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Spay 7 year old dog?

Species: Dog
Breed: Labrador Retriever
Age: 5-8 years
Shadow my "daughter" is 7 years old. She is NOT spayed. Recently, I noticed a swollen place on her belly next to(but not on) one of her lower nipples. There was an area about the size of your pinkie nail that was very dark red (almost black), surrounded by a red area about the size of a half dollar. My first impression when I looked at it was I thought she had been bitten by a spider. She did not seem to have any pain associated with the "area" at all and no tenderness. She was her normal self, and did not exibit any lethargy or inactivity. I took her to my local Vet who examined the area, and then drained some liquid from the lump and took what she called a "slide". When she returned, she said that she had found a lot of "infection" and then put Shadow on 500 mg Cephalexin for 14 days. Shadow has been on the Cephalexin for 7 days, and the area and lump have all but disappeared. You can hardly tell that anything was ever there. Here is my problem: my Vet has scheduled her a week from now to have a "lumpectomy" and spay her at the same time. I cannot stand the thought of having Shadow go through a needless surgery and pain if there are alternative ways to deal with this. I have heard that NOT spaying her may lead to increased risks of mammary tumors, pyrometrea, and so forth. Could you PLEASE give me your opinion of this? Should I spay her at this point in her life? Please give me you honest opinion even if it is something that you don't think I want to hear. I just want the best for my precious Shadow, and I am distraught about this whole matter. Thanks so much! Rick and Shadow.


Online vet, Dr. Marie

Dr. Marie replied:

Thanks for asking such a great question Rick. I know it is often difficult to think of your "baby" going through surgery. However, in almost every case I am a HUGE fan of spaying a dog at any age.

The biggest concern that I have with an unspayed female dog is for pyometra which is a very serious infection in the uterus. When dogs get this, they need an emergency spay surgery and the cost can be several times the cost of a regular spay. It is definitely life threatening if a dog has a pyometra. The only way to prevent it is to have her spayed.

It's not a bad idea to remove the lump as well. Mammary lumps can be difficult to diagnose. It sounds like this one had infection which is probably a good sign. However, the only way to accurately know whether it is cancerous or not is to actually remove it and send it away. (Or in some cases I will remove just a portion of the lump and send it away for a diagnosis, but if this is a small lump then it just makes sense to remove the whole thing.) One unfortunate thing though, is that spaying Shadow may not prevent more mammary lumps from forming. If you spay a dog before her first heat it will greatly reduce the risk of developing mammary tumors. The risk is still reduced if we spay her before her second heat. But, after that, the risk still remains even if she is spayed.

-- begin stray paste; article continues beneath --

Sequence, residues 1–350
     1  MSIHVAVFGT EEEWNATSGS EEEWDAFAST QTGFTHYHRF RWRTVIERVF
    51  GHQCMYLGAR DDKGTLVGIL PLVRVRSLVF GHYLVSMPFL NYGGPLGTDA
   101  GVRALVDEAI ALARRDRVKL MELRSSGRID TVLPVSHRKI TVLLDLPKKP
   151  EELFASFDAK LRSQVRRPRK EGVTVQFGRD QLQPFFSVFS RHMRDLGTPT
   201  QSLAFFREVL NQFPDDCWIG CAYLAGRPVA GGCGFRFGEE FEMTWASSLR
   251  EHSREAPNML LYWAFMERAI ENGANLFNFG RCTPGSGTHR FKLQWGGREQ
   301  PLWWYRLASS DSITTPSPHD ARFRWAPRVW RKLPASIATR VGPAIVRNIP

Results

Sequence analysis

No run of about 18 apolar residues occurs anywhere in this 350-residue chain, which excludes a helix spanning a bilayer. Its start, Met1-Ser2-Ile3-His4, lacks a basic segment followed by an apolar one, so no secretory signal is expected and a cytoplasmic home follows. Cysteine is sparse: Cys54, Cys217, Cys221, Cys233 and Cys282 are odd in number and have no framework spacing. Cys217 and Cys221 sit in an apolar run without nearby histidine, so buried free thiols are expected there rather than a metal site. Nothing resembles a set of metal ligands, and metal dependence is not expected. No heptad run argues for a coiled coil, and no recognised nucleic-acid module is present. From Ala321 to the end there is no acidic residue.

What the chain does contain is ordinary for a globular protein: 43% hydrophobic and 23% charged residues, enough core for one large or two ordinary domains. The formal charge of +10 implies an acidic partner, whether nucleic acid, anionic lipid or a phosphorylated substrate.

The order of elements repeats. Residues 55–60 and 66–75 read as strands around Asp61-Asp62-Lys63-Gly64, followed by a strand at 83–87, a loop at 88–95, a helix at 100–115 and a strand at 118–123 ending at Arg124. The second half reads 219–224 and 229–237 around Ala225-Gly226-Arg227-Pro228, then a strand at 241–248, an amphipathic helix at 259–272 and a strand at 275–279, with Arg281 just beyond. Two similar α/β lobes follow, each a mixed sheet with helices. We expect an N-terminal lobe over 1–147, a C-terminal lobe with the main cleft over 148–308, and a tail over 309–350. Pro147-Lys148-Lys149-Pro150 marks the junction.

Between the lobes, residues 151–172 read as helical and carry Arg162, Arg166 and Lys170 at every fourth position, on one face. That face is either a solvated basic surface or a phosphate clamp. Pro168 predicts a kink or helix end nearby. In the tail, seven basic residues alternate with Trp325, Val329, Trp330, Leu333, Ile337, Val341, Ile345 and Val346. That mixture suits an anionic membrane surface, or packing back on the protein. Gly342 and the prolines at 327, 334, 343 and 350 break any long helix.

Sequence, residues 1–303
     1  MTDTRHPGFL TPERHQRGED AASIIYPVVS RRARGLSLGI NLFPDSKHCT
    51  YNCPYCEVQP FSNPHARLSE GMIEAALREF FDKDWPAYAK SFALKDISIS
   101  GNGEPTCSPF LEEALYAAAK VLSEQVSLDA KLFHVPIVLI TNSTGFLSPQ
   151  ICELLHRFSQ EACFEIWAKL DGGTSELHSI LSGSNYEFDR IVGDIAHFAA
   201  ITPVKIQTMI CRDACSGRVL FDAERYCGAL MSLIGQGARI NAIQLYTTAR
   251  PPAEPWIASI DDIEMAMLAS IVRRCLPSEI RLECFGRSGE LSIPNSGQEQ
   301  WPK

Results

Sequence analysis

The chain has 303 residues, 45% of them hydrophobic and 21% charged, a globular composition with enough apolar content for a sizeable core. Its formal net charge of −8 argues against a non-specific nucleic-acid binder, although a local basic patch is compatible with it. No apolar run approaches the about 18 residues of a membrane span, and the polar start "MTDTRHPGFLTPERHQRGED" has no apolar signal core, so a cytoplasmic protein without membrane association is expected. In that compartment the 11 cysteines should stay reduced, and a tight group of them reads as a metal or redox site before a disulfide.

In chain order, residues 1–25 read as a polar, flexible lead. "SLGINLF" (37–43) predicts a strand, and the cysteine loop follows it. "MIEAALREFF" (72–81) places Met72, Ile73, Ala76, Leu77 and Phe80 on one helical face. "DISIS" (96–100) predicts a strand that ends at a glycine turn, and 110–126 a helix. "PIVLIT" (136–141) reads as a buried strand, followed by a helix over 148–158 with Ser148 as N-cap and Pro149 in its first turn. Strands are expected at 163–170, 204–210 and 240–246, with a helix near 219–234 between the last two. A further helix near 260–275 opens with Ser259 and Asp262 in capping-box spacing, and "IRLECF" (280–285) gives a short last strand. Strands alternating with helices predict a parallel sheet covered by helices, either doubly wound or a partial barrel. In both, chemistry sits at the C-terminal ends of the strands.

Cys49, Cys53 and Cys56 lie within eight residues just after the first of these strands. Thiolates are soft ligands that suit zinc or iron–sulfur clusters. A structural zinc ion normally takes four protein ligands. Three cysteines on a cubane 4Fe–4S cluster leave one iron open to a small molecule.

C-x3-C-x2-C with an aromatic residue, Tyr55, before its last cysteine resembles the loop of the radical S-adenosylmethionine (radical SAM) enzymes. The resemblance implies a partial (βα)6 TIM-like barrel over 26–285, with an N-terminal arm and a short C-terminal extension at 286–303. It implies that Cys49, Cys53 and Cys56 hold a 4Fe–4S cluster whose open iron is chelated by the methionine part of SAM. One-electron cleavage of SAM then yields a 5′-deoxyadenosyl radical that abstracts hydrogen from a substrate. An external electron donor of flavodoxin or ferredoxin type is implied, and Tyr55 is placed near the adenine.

There are other tumors though that can be totally prevented by spaying Shadow such as ovarian cancer and uterine cancer.

Dogs recover extremely quickly from a spay surgery, even if she is 7 years old. It is truly amazing to see how well they do. If this was a human having this surgery, we would be out of commission for 6 weeks or so. But, for a dog, you will likely see that she is a bit groggy from anesthetic drugs for 12-24 hours and then slightly off for a day or two. You'll likely find it hard to keep her quiet after that.

As far as removing the lump goes, this will add almost no extra discomfort.

The one negative that I find with spaying a dog is that she will be a little more predisposed to gaining weight. I recommend reducing her calorie intake by 30% after she is spayed as she won't need as many calories.

I hope this helps with your decision. Let me know if you have more questions.

Dr. Marie.



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Disclaimer: Although Dr. Marie is a qualified veterinarian, the information found on this site is not meant to replace the advice of your own veterinarian. AskAVetQuestion.com and Dr. Marie do not accept any responsibility for any loss, damage, injury, death, or disease which may arise from reliance on information contained on this site. Do not use information found on this site for diagnosing or treating your pet. Anything you read here is for information only.

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Dr. MarieDr. Marie is a veterinarian who practices in a busy animal hospital in Ottawa, Ontario. She created Ask A Vet Question as a resource for good, accurate veterinary advice online. Dr. Marie treats dogs, cats, hamsters, guinea pigs, and rats. She has been a vet since 1999.

Is an online vet visit just as good as a trip to your veterinarian? No! But, many times, asking an online veterinarian a question can help save you money. While Dr. Marie can't officially diagnose your pet or prescribe medications, she can often advise you on whether a vet visit is necessary. You can also ask Dr. Marie for a second opinion on your pet's condition.